Less language exposure is associated with less word production. You can see this in the graph. We updated the graph from the previous page to include three levels of SES. First look at the green line. You will see that the average 24-month-old from a low-SES family knows just over 200 words. Now look at the red line. The average 24-month-old from a high-SES family knows over 400 words. By 2 years of age, children from high-SES families know twice as many words as children from low-SES families.
There is a relationship between SES and the number of words children hear. But it is not SES that causes these differences. Rather, other factors may explain why children from low-SES families hear fewer words. For instance, high-quality childcare may be too expensive for low-SES families. These parents are also likely to experience more stress and have less free time after work than high-SES parents.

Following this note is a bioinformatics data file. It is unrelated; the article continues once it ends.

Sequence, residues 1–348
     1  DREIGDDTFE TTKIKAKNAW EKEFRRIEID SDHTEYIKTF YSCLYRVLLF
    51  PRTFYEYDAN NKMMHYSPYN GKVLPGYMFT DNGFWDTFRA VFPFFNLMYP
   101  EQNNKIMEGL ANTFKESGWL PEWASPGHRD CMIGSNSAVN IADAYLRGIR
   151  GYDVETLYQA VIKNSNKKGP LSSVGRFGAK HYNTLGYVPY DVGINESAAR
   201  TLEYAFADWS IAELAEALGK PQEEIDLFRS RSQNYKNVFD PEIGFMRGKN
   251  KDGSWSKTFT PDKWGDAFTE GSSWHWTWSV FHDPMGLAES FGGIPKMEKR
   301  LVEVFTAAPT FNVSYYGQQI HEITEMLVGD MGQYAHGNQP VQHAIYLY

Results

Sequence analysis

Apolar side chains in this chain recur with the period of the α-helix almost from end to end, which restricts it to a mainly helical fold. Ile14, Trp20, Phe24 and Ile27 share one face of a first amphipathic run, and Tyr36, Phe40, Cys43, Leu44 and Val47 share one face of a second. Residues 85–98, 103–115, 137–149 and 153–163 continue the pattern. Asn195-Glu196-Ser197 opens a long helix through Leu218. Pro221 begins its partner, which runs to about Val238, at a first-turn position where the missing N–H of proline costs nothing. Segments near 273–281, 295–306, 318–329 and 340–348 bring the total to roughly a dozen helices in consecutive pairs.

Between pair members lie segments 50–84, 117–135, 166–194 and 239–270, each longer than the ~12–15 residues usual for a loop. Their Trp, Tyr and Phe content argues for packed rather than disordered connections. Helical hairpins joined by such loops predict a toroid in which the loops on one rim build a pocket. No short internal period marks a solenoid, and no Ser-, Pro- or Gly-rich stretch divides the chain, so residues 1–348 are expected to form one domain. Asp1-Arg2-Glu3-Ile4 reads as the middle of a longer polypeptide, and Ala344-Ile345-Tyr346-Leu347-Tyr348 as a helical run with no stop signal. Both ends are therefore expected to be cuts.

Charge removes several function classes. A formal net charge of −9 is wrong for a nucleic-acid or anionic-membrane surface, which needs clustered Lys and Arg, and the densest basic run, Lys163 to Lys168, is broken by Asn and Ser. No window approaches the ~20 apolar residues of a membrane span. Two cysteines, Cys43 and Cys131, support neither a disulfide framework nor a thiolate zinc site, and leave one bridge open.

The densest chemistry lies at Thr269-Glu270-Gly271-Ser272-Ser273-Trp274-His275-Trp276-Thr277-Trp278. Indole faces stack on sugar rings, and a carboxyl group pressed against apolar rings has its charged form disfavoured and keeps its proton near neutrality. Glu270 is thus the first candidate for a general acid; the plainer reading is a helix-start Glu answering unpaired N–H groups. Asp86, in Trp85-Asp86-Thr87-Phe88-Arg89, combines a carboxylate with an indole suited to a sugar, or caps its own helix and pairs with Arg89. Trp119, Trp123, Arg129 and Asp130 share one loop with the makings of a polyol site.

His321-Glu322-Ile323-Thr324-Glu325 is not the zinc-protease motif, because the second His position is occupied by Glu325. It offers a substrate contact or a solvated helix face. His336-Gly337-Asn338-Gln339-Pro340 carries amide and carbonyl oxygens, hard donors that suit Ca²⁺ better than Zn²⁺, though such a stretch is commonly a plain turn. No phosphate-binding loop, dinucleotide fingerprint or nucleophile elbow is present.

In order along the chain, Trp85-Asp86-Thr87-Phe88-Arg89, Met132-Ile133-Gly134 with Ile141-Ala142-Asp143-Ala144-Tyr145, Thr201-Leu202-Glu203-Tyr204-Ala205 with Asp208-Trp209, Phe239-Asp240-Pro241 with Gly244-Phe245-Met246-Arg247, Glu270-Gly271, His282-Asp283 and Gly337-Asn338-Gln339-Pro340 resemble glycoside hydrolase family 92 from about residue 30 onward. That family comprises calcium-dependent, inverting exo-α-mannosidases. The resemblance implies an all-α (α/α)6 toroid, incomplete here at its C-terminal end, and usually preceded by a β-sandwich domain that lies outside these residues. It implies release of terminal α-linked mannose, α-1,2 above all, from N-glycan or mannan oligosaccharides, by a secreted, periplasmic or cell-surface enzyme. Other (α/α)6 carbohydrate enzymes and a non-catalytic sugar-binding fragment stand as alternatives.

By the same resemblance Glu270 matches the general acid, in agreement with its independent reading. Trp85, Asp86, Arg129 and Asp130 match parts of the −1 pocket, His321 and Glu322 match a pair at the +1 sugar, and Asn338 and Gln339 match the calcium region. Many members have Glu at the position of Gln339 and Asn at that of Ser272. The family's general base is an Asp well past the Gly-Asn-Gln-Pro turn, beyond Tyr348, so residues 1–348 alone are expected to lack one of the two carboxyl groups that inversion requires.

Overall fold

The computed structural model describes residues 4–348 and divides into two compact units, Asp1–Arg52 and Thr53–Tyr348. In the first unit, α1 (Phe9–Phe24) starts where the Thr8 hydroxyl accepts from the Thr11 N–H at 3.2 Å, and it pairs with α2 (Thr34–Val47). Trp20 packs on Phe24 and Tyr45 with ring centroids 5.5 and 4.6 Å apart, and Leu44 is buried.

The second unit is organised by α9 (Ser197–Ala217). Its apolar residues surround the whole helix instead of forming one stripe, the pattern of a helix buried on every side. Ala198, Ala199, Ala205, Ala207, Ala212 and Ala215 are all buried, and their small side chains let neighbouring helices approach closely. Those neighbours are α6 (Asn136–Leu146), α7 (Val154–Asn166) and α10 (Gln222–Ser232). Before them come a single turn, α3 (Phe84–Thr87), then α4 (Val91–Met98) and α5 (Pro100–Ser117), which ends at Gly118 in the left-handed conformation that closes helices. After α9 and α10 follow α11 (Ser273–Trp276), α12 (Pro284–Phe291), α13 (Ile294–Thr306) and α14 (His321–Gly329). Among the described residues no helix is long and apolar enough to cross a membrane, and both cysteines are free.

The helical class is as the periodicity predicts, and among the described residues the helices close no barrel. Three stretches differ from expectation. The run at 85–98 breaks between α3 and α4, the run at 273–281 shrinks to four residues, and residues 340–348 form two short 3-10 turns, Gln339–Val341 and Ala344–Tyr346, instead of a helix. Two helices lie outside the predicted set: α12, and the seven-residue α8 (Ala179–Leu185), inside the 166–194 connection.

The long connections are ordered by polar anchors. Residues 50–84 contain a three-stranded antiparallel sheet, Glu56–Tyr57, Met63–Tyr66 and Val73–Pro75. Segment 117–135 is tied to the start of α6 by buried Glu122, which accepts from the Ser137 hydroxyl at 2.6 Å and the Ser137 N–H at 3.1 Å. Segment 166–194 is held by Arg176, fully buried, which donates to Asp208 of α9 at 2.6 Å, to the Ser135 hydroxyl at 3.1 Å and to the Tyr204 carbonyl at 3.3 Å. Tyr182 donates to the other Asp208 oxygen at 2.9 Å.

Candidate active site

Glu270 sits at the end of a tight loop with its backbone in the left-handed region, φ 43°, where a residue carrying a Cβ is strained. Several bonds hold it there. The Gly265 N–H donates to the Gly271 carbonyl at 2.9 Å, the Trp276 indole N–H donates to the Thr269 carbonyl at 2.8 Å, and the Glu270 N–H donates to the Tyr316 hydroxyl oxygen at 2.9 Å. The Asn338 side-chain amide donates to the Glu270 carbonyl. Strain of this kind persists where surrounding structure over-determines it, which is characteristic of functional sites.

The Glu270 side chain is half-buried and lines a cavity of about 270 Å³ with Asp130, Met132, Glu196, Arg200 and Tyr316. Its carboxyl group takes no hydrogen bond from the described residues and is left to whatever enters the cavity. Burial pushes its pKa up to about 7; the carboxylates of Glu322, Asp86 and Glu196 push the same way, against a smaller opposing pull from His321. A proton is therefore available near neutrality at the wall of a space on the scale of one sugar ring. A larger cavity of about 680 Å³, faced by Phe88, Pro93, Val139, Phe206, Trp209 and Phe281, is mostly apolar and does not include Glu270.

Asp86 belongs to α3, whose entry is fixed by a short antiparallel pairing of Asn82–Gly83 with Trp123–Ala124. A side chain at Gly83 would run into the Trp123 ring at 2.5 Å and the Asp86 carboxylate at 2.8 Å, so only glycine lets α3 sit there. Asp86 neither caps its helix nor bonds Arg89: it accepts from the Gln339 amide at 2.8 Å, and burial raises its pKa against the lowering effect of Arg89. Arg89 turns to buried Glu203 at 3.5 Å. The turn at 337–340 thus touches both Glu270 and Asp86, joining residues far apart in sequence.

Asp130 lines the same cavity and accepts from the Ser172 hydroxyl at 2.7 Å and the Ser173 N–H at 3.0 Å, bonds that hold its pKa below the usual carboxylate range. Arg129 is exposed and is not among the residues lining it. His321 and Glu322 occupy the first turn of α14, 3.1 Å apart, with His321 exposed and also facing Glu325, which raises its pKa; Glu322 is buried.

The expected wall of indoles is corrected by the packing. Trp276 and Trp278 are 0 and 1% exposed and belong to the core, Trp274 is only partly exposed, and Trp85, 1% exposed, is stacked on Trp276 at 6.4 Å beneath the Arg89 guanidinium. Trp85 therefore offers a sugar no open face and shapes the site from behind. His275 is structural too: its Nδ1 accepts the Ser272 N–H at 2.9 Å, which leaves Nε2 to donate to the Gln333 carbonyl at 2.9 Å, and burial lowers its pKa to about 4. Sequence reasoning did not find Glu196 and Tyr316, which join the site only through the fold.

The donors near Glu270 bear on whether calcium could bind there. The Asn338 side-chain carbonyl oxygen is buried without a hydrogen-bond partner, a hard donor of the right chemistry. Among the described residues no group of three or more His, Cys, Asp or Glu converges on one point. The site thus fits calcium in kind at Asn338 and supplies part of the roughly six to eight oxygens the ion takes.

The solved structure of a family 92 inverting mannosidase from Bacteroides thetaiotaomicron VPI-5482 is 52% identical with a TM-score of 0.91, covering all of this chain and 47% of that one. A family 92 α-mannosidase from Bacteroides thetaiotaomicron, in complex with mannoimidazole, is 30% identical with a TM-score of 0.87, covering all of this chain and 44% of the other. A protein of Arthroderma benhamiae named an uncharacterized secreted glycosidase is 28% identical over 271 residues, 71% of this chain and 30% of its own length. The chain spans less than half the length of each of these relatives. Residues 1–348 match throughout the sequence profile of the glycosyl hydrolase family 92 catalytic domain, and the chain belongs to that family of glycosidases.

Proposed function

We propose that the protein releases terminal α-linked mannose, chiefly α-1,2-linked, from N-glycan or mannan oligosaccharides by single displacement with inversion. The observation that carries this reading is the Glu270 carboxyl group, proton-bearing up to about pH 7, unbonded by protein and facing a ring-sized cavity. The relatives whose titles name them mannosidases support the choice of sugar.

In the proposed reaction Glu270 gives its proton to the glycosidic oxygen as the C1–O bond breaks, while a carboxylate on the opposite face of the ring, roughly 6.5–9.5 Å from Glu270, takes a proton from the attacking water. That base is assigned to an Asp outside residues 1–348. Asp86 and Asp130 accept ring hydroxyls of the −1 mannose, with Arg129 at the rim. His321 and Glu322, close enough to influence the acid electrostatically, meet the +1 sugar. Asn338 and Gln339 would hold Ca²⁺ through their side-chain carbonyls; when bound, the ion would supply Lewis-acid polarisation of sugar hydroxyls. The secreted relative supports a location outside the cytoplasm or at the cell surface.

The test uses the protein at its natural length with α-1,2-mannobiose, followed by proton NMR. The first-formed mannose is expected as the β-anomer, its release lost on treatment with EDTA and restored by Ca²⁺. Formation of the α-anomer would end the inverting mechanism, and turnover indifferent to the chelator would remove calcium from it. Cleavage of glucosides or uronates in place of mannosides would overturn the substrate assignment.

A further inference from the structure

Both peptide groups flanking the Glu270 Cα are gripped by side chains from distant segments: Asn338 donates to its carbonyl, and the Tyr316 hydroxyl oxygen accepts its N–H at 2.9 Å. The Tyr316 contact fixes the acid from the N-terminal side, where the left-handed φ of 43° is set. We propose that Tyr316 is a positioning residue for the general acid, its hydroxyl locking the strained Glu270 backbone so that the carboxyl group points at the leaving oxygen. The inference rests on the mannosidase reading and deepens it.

Early interactions and exposure to language are related to the children’s success at learning language. All caregivers, regardless of SES, can support children’s language learning. They can do this by talking to and interacting with their children throughout the day.